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If you’re looking for a drinking vinegar recipe, you’ve found it! Two versions: Thai Basil Drinking Vinegar and Marion Berry Drinking Vinegar.

Curiosity won. Drinking vinegar? It was on the menu at one of our favorite local restaurants. Being a vinegar fan – balsamic mostly – I admit that it intrigued me from the start. But, drinking. vinegar??

Marion Berry Drinking Vinegar

Then I noticed who made it, Pok Pok. You may have heard of this Thai restaurant in Portland, Oregon (or the one in New York City)? In Portland, it’s a quirky cool place with incredible food. Quirky in the sense that the restaurant’s building seems like a remodeler gone mad. Imagine a maze of seemingly unrelated add-ons that all mysteriously connect. And cool in the sense that they published an enormously popular cookbook last year; you may have read about it in Bon Appetit magazine?

So finally, I tried it – the Thai Basil flavor. Who knew? It turns out that vinegar + fruit/herb + sugar/honey + sparkling water = deeelicious! 

Do you like kombucha? If so, then I bet you’ll like this. And if you use Bragg Apple Cider vinegar, it has a mother – which sounds kind of frightening or like it should end in a curse, but just means that it has live enzymes. And if half of the health benefits they claim are true, it’s probably worth a sip or two.

Making drinking vinegar at home is ridiculously easy, but it’s a waiting game. It takes a full two weeks. First you fill jars with vinegar and fruit or herbs, then let it sit on the counter for one week, shaking it each day. So you get the bonus of a countertop science project.

Basil and Marion Berries In Vinegar

Once the week is up, you’ll add sugar or honey, shake it up, then wait another week, and strain. That’s it. Then you’ll serve it to unsuspecting friends, spouses, or children and giggle at their puckering faces. But it’s strangely refreshing, addictive even.

Drinking Vinegars

If you use honey, don’t be alarmed when it goes in as a big clump and looks as though it will never dissolve. It will. In less than a day, promise.

Cheers!

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Homemade Drinking Vinegars – Basil and Marionberry

5 from 2 votes
Prep: 5 minutes
Total: 5 minutes
Course: Drinks
Calories: 100
Servings: 24 servings
I made two flavors at once – one berry and one basil, and I highly recommend it. Then you can have either flavor alone or a mix of both. This recipe is adapted from imbibe magazine.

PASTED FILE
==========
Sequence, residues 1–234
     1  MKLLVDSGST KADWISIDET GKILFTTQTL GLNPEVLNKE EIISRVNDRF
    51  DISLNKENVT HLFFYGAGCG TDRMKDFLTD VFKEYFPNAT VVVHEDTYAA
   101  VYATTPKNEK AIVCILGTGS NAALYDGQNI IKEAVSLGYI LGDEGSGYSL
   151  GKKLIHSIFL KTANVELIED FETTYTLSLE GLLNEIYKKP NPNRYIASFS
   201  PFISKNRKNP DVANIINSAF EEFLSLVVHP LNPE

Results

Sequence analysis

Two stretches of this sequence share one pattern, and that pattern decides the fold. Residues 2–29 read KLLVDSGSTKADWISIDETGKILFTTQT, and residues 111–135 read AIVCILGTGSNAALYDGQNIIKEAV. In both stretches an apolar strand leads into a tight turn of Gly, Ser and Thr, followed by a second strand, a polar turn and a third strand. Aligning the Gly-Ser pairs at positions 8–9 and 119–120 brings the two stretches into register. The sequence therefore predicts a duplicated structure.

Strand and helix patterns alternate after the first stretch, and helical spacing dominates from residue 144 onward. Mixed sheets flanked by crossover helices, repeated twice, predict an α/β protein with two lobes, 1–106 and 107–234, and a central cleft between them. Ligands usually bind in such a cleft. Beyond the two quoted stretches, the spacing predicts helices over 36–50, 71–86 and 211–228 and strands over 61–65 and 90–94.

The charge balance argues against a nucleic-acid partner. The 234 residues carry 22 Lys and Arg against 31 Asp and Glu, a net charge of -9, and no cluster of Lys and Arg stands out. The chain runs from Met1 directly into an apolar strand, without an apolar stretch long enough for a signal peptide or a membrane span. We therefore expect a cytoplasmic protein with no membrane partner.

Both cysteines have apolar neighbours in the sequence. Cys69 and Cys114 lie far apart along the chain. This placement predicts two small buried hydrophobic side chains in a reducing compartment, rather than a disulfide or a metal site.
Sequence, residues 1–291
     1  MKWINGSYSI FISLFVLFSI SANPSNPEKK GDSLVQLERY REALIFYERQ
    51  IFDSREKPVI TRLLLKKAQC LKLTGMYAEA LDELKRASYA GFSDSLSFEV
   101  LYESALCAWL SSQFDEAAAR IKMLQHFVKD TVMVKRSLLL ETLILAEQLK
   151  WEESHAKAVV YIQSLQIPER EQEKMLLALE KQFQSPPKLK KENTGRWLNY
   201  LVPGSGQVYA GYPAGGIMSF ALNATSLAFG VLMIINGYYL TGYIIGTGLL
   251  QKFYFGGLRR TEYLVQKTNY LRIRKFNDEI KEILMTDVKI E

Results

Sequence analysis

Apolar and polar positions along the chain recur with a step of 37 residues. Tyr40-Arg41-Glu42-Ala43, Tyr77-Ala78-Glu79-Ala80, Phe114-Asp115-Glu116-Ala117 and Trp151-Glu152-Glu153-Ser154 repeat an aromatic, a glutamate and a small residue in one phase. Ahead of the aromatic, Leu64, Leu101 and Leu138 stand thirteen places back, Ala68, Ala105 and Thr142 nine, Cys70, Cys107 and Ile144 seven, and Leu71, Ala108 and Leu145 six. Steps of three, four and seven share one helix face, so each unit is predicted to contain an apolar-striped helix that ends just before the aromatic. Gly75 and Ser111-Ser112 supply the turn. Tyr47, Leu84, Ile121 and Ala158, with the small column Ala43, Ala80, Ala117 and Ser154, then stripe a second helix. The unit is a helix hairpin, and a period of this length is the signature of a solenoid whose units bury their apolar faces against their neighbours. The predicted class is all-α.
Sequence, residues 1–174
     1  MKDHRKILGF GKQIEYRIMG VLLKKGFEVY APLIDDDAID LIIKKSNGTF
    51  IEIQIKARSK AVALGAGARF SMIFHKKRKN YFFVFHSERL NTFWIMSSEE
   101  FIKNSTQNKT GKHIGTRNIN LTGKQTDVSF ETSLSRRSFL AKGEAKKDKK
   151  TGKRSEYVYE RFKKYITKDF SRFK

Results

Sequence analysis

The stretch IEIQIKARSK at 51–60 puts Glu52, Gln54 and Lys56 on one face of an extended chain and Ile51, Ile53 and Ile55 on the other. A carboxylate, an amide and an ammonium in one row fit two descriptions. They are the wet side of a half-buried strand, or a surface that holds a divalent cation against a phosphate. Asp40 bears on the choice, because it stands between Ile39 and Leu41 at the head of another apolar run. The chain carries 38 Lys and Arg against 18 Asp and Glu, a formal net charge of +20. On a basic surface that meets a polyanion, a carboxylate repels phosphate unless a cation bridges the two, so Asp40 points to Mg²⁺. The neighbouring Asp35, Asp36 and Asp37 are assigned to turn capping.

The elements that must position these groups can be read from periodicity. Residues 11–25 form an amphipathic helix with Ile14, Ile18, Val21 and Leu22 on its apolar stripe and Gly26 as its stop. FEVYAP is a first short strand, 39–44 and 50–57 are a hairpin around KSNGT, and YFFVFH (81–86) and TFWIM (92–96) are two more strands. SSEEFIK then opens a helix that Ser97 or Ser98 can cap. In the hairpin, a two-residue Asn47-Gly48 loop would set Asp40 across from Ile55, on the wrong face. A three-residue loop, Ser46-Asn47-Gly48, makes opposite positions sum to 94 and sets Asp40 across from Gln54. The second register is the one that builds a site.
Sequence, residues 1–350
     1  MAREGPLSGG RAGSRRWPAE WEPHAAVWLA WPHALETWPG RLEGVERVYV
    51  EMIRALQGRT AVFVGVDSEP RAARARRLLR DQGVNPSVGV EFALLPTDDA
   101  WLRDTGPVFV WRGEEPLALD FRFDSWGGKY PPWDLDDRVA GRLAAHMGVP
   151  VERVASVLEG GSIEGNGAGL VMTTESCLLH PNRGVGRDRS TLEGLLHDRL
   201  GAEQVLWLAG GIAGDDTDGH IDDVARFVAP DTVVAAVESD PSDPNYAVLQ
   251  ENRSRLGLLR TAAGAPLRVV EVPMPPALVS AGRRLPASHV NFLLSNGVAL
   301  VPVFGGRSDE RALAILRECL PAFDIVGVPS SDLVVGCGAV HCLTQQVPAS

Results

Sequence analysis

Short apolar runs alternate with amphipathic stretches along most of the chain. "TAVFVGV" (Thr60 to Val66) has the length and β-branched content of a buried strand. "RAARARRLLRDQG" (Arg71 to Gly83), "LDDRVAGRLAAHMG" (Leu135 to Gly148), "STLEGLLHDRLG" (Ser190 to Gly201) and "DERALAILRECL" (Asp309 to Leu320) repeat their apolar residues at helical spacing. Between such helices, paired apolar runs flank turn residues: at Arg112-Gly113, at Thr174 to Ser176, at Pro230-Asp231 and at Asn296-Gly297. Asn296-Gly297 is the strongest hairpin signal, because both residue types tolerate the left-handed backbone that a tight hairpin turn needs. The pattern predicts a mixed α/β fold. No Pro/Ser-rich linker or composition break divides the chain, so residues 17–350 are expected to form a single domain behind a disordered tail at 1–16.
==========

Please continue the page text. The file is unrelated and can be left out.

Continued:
Ingredients  

  • 2 cups whole berries fresh or frozen

or

  • 5 ounces fresh basil Thai or regular
  • 2 cups vinegar I used Braggs Apple Cider Vinegar
  • 1 cup honey or natural cane sugar

Instructions 

  • Combine the berries or basil and vinegar in a lidded quart jar. Screw on the lid and shake. Let it sit for a week at room temperature, shaking at least once a day (or more if you feel like it).
  • After a week, strain out the fruit or basil with using a fine mesh strainer over a measuring pitcher. Pour vinegar back into jar and add honey or sugar; shake.
  • Refrigerate for another week, shaking once each day until the honey / sugar is fully dissolved.

Notes

To serve: Fill a glass with ice. Add 1 ounce drinking vinegar (or more to taste) and fill glass with sparkling water. Stir to combine and serve.

Nutrition

Calories: 100kcal | Carbohydrates: 26g | Protein: 1g | Fat: 2g | Saturated Fat: 1g | Sodium: 16mg | Potassium: 231mg | Fiber: 4g | Sugar: 12g | Vitamin A: 418IU | Vitamin C: 9mg | Calcium: 143mg | Iron: 2mg

Nutrition information is automatically calculated, so should only be used as an approximation.

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30 Comments

  1. Megan says:

    Would agave work as a substitute for sugar or honey?

    1. Marissa Stevens says:

      Yes, I think it would work just fine!

  2. Jen says:

    Hi! Thanks so much for these ideas. I have a juicer and wondered if I could use either juice or juice pulp to make sipping vinegar. Any thoughts?

    1. Marissa Stevens says:

      Hi Jen! Because fruit juice is perishable, you’ll want to keep it refrigerated. You could make the drinking vinegar as it is in the recipe and then add it to taste to your juice. That said, I know that others have delved into making fruit vinegar at home – here’s an example. I hope that helps!

  3. Elizabeth says:

    5 stars
    Should I leave the jar cracked/open during room temperature week?

    1. Marissa Stevens says:

      Hi there, Elizabeth! I keep the jar sealed during the room temperature phase.

  4. Nancy says:

    Hi there, I’m glad I found your recipes, am going shopping for the ingredients tomorrow! I would like to make this as Christmas gifts and put in glass jars and ship out of state to my family members. Have you had any experience shipping this? Thanks for your time!

    1. Marissa says:

      Hi Nancy! Such a great idea for Christmas gifts, but I don’t know about mailing it. I’d talk with your local post office for advice, thinking of the “…liquids, perishables…” questions that you always have to answer when mailing packages.

  5. Erika Kronenberg says:

    5 stars
    Wow! I love this recipe. I made blackberry/raspberry and basil. So, so yummy. Thanks for sharing.

    1. Marissa says:

      Thanks so much, Erika! So glad you’re enjoying!! 🙂

    2. Amy says:

      I can’t wait to try this!!! Had strawberry basil at Sway in Austin TX and now I’m obsessed!!

      1. Marissa says:

        Hope you love it, Amy!